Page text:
The shortage of mental health resources to help those who are suffering with mental illness is another alarming trend that research has identified. On the one hand, we have a rising trend in mental illness and suicide. On the other, there are fewer resources to help address these rising trends.
What is the solution to these rising trends?
Unfortunately, there aren’t easy solutions. What is required is a wholesale rethink about the many contributing factors and then adopting healthy change. But based on how society got here, and where it’s currently headed, it’s unlikely we’ll see a positive change anytime soon. The expectation is that things will get much worse.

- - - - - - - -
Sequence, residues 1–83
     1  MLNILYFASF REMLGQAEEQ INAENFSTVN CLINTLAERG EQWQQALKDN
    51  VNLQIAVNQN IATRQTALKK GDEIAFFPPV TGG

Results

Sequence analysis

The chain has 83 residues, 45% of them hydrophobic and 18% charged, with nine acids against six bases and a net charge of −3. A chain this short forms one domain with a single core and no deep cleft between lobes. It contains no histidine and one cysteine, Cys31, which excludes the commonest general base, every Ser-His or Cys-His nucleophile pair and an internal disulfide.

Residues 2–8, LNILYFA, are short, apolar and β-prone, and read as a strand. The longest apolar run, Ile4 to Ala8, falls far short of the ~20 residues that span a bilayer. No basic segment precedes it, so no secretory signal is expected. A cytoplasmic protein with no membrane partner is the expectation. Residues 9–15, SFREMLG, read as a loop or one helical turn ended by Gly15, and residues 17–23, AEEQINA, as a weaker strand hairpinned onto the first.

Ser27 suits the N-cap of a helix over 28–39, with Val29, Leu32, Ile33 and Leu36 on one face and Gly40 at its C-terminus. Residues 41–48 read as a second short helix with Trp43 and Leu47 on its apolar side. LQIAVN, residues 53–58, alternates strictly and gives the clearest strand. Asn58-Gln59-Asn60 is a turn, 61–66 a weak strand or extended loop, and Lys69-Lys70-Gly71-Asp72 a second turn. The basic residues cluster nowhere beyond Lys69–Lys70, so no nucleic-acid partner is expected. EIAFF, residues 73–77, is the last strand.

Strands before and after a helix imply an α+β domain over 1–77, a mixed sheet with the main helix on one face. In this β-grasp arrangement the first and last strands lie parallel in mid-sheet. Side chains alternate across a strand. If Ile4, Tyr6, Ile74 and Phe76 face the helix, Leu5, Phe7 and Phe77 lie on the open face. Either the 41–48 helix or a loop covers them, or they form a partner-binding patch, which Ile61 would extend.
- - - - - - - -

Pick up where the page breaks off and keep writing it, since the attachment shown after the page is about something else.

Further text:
So, the best we can do is seek mental health support from the available resources, and then work at making families healthy one person at a time.
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1. Nyulmc. “Study Paints Somber Picture of US Mental Health Status and Access to Care.” EurekAlert!, 17 Apr. 2017, www.eurekalert.org/pub_releases/2017-04/nlmc-sp041117.php
2. ann.lynsen. “Mental and Substance Use Disorders.” Ann.lynsen, 20 Sept. 2017, www.samhsa.gov/disorders
3. “National Survey Confirms That Youth Are Disproportionately Affected by Mental Disorders.” National Institute of Mental Health, U.S. Department of Health and Human Services, 27 Sept. 2010, www.nimh.nih.gov/news/science-news/2010/national-survey-confirms-that-youth-are-disproportionately-affected-by-mental-disorders.shtml
4. American College Health Association. American College Health Association-National College Health Assessment II: Canadian Reference Group Executive Summary Spring 2016. Hanover, MD: American College Health Association; 2016
5. “Children's Hospitals Admissions for Suicidal Thoughts, Actions Double during Past Decade.” AAP News, 4 Oct. 2017, www.aappublications.org/news/2017/05/04/PASSuicide050417